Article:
• Artists celebrating their birthday during Eurovision Weeks (May 12-27, 2012): Estonia (turning 25), Greece (turning 23), Norway (turning 25), Turkey (turning 25)

Have we seen them before?

  • Artists who have previously performed at Eurovision as a lead singer: Iceland (Jónsi, 2004), Ireland (Jedward, 2011), Macedonia (Kaliopi, 1996 pre-qualifier), Serbia (Željko Joksimović, 2004)
  • Artists who have previously performed at Eurovision as a backing singer: Bosnia and Herzegovina (Maya Sar, 2011), Georgia (Anri Jokhadze, 2008)
  • Artists who had unsuccessful National Final entries in 2011: Austria, Azerbaijan, Lithuania, Malta, Moldova, Sweden
  • Artists who had unsuccessful National Final entries in 2010: Greece, Lithuania, Malta, Moldova, Russia

How did they get to Baku?

  • Complete Internal Selection (artist and song): Bosnia & Herzegovina, Croatia, France, Israel, Macedonia, Montenegro, San Marino, Serbia, Slovakia, Turkey, United Kingdom
  • Artist internally selected, song chosen by National Selection: Belgium, Cyprus, Spain
  • Artist chosen by National Selection, song internally selected: Azerbaijan
  • Artist and song chosen by a National Selection: Albania, Austria, Belarus, Bulgaria, Denmark, Estonia, Finland, Georgia, Germany, Greece, Hungary, Iceland, Ireland, Latvia, Lithuania, Malta, Moldova, Netherlands, Norway, Portugal, Romania, Russia, Slovenia, Sweden, Switzerland, Ukraine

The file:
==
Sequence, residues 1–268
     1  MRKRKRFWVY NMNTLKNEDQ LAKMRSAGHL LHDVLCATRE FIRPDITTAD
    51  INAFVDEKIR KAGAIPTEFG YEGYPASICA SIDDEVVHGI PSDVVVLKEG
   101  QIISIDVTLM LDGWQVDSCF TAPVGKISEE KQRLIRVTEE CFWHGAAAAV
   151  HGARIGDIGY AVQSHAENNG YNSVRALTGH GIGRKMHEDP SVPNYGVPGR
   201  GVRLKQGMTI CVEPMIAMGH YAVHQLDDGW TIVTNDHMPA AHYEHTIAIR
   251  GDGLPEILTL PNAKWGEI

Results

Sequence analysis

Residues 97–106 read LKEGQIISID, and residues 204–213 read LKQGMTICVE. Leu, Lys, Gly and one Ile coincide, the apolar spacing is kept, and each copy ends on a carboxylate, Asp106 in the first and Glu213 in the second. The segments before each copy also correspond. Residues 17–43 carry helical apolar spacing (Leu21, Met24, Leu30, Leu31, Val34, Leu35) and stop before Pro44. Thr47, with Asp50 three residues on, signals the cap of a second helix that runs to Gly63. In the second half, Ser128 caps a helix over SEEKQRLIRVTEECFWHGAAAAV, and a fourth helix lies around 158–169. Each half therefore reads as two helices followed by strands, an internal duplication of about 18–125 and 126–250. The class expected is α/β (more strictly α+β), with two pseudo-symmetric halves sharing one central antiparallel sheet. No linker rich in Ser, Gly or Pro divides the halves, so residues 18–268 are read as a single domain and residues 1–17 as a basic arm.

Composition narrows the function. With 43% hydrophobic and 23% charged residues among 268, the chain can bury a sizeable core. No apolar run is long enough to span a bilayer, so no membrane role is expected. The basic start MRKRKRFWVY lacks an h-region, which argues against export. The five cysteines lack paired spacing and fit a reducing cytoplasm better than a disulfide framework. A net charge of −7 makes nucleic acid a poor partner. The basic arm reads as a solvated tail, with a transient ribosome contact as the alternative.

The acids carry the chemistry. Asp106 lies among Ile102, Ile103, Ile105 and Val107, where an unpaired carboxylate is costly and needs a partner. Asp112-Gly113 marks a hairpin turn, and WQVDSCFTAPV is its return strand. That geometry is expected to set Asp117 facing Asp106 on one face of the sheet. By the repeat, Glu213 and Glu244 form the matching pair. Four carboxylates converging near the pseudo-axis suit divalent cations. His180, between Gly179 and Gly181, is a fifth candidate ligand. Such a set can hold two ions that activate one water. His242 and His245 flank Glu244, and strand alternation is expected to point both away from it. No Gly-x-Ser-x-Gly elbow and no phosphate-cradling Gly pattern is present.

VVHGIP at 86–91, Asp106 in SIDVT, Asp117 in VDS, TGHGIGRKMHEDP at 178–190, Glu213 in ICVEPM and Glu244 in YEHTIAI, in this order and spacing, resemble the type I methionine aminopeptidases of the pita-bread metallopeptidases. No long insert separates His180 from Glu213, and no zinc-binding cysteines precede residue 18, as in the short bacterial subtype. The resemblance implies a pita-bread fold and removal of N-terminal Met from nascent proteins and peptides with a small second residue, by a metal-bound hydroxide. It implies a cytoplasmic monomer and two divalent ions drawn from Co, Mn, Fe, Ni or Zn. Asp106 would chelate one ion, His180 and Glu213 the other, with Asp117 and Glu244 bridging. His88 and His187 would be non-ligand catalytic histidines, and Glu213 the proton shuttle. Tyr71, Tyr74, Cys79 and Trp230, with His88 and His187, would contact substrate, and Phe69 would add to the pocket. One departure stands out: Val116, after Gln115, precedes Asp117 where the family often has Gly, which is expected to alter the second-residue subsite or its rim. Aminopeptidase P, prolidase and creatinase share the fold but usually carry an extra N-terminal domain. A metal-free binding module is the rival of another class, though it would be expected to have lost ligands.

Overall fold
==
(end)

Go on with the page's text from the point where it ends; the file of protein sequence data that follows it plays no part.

• Other: Italy (a special jury as part of the San Remo Festival selected their singer, who then changed her song)

What else?

  • “X-Factor”/”Idol”/Talent Show participants (not counting National Finals): Albania, Cyprus, Estonia, Germany, Greece, Ireland, Netherlands, Portugal, Slovakia, Sweden
  • Artists born outside of the country that they’ll be representing: Albania (Kosovo), Denmark (Guatemala), France (Indonesia), Greece (Cyprus), Norway (Iran), UK (India, although it wasn’t independent at the time of his birth)
  • Artists with experience as DJs or MTV VJs: Albania, Italy, Norway, Turkey
  • Artists who haven’t released a full album yet: Albania, Azerbaijan, Belgium, Bosnia & Herzegovina, Finland, Germany, Greece, Iceland (Gréta Salóme), Latvia, Lithuania, Malta, Netherlands, Norway, Portugal, Russia, Slovakia, Slovenia, Sweden
  • Songs with Swedish Songwriters: Azerbaijan, Cyprus, Greece, Italy, Malta, Norway, Spain, Sweden, United Kingdom
  • Songs at least partially written by the performer: Albania, Austria, Belarus, Bosnia & Herzegovina, Croatia, Estonia, France, Hungary, Iceland, Israel, Italy, Macedonia, Malta, Moldova, Montenegro, Netherlands, Norway, Romania, Russia, Serbia, Slovakia, Switzerland, Turkey, Ukraine
  • Entries performed by siblings: Belarus (Dmitry and Vladimir Karyakin), Georgia (Anri Jokhadze, with his sister Magda on backing vocals), Ireland (John and Edward Grimes), Switzerland (Ivan and Gabriel Broggini)

Posted on March 27, '12, in 2012, Special Comment. Bookmark the permalink. 1 Comment.

  1. Wow… 😀

    Surprised to see that there are only 12 “ballads” .. feels like there are more. Maybe its just the overload of Balkan ones that makes it feel like that.